China’s Crude Finance – China & Brazil Con(Tango)

Via Stratfor (subscription required), a close look at the most recent of China’s yuan-for-resources initiatives.  As the article notes:

“…Jose Sergio Gabrielli, the chief executive of Brazilian state oil firm Petroleo Brasileiro SA (Petrobras), has announced a pending deal with the China Development Bank. Under the rough sketch of the deal that has been released, China would lend Brazil $10 billion to help pay for expensive deepwater energy development — and Brazil would repay the loan not with cash, but with oil.

…This apparently is only one of four loans-for-crude arrangements that Petrobras is discussing, and Brazil is certainly not the only country China is evaluating for such loans. On Tuesday, China sealed a similar deal with Russian state energy firms for $25 billion, over half of which Russia will repay with oil. It is not clear in either case what the price per barrel will be, but odds are it will be linked to whatever the current market price turns out to be.

Energy production is among the most complex and expensive efforts in which a country or company can engage. Brazil’s new crude reserves are not only several hundred miles off the coast, but also several miles deep and several more below the seafloor. Russia’s developed oil deposits — much less its undeveloped ones — are roughly at the corner of “no” and “where.” It takes literally thousands of miles of pipes to get this oil to Russia’s few ports.

Both Russia and Brazil are rather jealous of controlling their own oil production, but in the current financial climate, getting a funding boost from a state that has some extra cash makes a great deal of sense. And Russia and Brazil are hardly alone. There are no shortages of states facing capital crunches, and several of those states are more than a little jittery about allowing others to run their oil patches (Iran and Venezuela spring to mind.) And China is hardly the only oil-consuming country that would like to lock down future supplies. Considering their propensity for building large foreign exchange reserves and their lack of domestic oil supplies, most of the East Asian states likely are entertaining notions of loans like China’s.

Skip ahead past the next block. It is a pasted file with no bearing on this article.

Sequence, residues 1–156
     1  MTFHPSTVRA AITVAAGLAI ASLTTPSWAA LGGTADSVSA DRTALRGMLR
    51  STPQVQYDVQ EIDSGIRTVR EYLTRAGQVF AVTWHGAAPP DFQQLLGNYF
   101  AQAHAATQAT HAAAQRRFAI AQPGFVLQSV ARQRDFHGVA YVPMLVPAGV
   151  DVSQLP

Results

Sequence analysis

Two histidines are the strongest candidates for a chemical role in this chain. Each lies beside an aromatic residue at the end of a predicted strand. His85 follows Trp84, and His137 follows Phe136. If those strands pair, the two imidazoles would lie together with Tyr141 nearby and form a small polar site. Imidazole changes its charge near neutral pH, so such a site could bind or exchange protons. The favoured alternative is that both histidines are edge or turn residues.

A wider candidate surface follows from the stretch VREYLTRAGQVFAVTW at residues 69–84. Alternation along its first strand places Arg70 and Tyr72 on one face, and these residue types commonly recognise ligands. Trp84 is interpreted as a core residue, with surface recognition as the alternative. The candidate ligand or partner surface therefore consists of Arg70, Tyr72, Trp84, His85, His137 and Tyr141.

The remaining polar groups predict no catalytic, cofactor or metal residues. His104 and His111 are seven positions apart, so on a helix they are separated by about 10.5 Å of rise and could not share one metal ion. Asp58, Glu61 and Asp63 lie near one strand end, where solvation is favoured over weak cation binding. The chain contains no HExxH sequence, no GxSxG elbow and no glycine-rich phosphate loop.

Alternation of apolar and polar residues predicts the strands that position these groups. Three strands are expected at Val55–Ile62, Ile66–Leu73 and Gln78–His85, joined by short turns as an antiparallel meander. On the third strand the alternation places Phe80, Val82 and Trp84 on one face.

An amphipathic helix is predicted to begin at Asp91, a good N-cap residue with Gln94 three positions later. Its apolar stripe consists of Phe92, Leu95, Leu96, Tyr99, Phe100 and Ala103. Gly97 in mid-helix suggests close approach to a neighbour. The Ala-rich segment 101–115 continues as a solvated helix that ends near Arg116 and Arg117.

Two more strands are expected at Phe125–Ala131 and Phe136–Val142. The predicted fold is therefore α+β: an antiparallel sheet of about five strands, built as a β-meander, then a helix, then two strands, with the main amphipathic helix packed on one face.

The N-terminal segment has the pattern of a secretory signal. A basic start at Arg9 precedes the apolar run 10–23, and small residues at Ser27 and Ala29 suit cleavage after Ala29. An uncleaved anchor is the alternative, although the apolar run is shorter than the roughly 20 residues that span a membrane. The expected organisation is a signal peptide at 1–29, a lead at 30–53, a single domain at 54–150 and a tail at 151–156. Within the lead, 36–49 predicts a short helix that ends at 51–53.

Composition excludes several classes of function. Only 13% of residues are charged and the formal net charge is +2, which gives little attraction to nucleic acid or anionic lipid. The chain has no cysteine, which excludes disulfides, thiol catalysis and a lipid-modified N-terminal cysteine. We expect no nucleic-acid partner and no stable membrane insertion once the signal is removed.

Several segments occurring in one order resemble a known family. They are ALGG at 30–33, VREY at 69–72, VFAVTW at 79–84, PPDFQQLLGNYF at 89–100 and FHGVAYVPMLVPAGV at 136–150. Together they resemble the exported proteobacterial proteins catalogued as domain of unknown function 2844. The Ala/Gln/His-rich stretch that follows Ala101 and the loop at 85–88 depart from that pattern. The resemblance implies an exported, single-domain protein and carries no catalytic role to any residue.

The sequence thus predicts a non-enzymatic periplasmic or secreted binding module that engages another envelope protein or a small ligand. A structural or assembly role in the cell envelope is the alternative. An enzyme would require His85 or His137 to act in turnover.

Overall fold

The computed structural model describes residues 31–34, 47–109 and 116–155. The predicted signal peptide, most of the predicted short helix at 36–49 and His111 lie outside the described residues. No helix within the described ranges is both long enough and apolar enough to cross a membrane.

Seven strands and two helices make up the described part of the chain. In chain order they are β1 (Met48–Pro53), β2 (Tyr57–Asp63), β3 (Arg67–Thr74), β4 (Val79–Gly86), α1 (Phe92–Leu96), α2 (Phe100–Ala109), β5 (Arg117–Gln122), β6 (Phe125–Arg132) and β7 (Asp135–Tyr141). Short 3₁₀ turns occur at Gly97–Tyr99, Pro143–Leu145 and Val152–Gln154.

But though this structure might make sense now to a state with plenty of oil but few investment funds, or to a country flush with cash but short on oil, it might not prove the best idea in the long run in terms of pricing. Assuming that potential spurts of nationalist fervor down the road do not nix these investment deals, the arrangements still represent a fair amount of crude getting locked down years — even decades — before it is even extracted. That spoken-for oil is no longer trading on the market with the rest of the world’s oil. On a normal day, reduced supply means both higher prices and greater volatility.

These contracts can work in one of two ways. First, the price of the reimbursement oil can be set at today’s prices — relatively low in recent terms — which would greatly upset the oil producer should prices rise again. Alternatively, the price could be set according to whatever “current” prices happen to be on the day the oil is delivered — in which case the very existence of these loans-for-crude deals will artificially raise the price for the lender.

Either way, with these loans-for-crude deals based on time horizons of up to 20 years, that is a factor that will complicate relations between countries like China and Brazil — not to mention the broader oil markets — for a long time to come.”

This entry was posted on Friday, February 20th, 2009 at 9:13 am and is filed under Brazil, China, Petroleo Brasileiro.  You can follow any responses to this entry through the RSS 2.0 feed.  Both comments and pings are currently closed. 

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